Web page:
Navistar agreed to pay a civil penalty of $52 million and to prevent at least 10,000 tons of oxides of nitrogen (NOx) emissions to resolve its violations of the Clean Air Act (CAA).
In July 2015, the United States government through the Department of Justice (DOJ) filed a lawsuit against Navistar. The federal government alleged that the company illegally introduced approximately 7,749 heavy-duty diesel engines (HDDEs) that were not covered by the certificate of conformity issued by the Environmental Protection Agency (EPA) and did not meet emission standards.
Additionally, the U.S. government also alleged that Navistar marketed and sold those HDDEs installed in its branded International trucks as EPA-certified model year 2009. In fact, Navistar completed manufacturing and assembling those HDDEs in 2010.
Those HDDEs were actually model year 2010 and must have an EPA-issued certificate of conformity showing compliance with the 2010 emissions standards. Navistar violated the CAA for selling those engines that did not meet 2010 emissions standards, according to the Justice Department.
In the first phase of the litigation, the U.S. District Court for the Northern District of Illinois ruled that Navistar was liable for its alleged violations of the CAA.
Navistar negotiated and reached a settlement with the U.S. government in the second phase of the litigation in which the company is facing an imminent trial on remedies to its violations. It took more than six years of prosecution before the parties reach a settlement agreement on the matter.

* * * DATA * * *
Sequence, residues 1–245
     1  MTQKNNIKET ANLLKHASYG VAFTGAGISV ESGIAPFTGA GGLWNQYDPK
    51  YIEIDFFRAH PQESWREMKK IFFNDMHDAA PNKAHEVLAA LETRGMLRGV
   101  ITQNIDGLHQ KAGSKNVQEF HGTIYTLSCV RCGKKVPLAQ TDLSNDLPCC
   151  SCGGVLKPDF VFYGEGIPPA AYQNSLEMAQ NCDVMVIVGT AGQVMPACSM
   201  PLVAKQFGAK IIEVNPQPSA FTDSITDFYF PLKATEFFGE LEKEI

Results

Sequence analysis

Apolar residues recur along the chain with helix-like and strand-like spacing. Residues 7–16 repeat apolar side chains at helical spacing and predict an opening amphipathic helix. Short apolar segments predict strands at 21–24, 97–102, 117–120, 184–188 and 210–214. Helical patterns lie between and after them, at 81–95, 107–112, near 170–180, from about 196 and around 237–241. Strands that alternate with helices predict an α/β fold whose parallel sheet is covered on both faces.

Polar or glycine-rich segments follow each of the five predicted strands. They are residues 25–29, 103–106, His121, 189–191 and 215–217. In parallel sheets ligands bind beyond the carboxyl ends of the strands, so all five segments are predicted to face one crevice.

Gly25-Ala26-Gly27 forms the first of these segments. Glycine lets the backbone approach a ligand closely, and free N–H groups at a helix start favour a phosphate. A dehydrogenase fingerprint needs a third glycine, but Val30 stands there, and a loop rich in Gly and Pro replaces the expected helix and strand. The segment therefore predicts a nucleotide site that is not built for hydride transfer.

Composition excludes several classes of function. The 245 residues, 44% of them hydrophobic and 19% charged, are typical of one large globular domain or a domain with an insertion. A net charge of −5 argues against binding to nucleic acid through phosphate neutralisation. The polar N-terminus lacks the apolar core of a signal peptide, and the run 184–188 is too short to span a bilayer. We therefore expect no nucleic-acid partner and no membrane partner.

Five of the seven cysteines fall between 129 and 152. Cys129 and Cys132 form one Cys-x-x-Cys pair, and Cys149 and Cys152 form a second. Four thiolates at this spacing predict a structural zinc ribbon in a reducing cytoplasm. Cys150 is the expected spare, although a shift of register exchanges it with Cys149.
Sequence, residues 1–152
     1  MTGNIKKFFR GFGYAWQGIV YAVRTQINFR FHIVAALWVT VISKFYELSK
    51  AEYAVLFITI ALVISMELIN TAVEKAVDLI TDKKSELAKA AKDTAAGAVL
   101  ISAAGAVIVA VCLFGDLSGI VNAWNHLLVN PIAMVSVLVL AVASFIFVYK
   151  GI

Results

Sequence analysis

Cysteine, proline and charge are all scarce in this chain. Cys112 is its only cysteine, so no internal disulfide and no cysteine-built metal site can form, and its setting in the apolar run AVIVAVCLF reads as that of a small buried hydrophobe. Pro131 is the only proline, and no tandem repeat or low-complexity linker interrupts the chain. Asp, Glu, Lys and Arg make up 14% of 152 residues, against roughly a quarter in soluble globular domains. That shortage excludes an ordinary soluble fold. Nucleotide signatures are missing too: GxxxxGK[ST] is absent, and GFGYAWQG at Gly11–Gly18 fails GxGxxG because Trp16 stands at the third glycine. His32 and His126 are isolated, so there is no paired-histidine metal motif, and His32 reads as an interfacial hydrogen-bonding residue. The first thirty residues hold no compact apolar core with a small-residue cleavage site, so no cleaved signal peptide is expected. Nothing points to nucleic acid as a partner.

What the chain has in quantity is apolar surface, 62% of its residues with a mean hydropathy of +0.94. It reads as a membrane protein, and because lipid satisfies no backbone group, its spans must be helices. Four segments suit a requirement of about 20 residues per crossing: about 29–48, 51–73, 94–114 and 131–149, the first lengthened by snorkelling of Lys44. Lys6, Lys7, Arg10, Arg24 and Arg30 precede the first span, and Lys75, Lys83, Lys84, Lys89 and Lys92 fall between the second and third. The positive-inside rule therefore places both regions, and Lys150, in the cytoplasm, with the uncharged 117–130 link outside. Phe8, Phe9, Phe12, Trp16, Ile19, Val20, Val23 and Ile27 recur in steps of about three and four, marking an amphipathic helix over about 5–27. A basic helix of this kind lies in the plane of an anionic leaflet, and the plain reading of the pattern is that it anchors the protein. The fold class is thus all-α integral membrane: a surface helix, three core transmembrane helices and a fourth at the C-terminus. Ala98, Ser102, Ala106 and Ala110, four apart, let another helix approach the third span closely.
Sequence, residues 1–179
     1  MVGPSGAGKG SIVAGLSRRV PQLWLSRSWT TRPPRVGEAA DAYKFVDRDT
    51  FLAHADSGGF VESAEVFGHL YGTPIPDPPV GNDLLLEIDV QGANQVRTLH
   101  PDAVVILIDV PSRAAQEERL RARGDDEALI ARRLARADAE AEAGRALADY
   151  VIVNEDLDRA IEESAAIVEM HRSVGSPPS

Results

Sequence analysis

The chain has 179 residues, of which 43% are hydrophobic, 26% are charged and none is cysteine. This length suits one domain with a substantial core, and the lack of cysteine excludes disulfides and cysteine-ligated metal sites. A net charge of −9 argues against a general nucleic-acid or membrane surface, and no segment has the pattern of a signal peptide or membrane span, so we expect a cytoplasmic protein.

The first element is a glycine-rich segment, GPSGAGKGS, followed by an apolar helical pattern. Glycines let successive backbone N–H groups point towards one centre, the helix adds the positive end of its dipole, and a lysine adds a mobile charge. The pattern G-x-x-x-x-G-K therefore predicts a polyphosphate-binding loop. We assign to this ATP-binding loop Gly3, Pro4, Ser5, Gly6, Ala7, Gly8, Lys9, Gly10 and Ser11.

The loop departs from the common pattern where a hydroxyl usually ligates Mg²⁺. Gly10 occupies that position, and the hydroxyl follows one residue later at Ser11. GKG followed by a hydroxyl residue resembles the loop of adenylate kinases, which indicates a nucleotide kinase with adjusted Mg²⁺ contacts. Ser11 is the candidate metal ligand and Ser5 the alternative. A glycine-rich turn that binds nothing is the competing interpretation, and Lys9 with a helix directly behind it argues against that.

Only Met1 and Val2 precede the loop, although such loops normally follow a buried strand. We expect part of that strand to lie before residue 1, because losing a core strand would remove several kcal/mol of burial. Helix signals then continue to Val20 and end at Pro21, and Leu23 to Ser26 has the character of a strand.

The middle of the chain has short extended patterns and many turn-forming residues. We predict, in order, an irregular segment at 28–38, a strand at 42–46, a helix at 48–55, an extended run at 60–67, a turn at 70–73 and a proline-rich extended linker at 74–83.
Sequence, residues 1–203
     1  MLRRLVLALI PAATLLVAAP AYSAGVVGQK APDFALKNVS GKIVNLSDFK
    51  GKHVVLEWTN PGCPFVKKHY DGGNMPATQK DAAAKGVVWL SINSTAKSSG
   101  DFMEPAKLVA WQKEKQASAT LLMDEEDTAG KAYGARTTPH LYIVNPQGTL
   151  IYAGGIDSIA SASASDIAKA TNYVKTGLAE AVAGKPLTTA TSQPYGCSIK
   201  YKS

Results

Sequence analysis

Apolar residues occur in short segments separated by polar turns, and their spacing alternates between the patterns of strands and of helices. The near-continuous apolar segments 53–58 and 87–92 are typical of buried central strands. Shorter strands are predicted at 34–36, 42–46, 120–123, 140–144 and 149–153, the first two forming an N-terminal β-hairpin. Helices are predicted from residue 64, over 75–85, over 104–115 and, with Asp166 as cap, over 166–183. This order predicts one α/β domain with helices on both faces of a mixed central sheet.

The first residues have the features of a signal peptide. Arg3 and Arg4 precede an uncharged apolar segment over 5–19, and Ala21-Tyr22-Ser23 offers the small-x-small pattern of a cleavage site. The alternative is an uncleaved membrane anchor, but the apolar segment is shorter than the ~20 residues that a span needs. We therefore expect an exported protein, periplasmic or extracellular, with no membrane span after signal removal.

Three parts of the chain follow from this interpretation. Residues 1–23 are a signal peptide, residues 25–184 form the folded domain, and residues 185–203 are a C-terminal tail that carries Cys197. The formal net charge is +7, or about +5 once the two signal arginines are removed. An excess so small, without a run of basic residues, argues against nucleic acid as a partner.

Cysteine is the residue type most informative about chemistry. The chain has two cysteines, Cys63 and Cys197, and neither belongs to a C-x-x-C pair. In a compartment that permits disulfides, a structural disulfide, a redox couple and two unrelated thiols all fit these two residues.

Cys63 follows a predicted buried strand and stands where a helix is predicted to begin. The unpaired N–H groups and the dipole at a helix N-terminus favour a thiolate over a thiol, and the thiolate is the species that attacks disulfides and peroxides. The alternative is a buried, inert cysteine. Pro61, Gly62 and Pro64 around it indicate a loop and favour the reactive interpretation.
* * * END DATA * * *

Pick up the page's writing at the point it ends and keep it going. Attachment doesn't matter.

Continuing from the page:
Under the Consent Decree, Navistar is required to acquire older, high-polluting HDDEs from the used HDDE market. The company must destroy enough number of those engines to result in at least 10,000 tons of NOx emissions reduction.
In addition, the company must structure its mitigation of NOx emissions through one or more projects approved by the EPA, which considers geographic diversity and benefits to communities suffering from air pollution.
The settlement with Navistar will protect communities overburdened by air pollution
In a statement, DOJ’s Environment and Natural Resources Division Assistant Attorney General Todd Kim said, “This settlement shows we will hold companies accountable when they skirt the law to gain an advantage at the expense of public health. The department’s steadfast pursuit of this case achieved a just result, including that the company must mitigate the harm it caused and, in doing so, specifically must consider assisting communities overburdened by pollution.”
On the other hand, EPA’s Office of Enforcement and Compliance Assurance Acting Assistant Administrator Larry Starfield commented, “Older diesel engines without modern emissions controls emit significant amounts of air pollution that harm people’s health and take years off people’s lives. This harm is greatest in communities near busy roadways, which are too often overburdened by high levels of ozone and particulate matter pollution. Today’s settlement will protect these vulnerable communities…”
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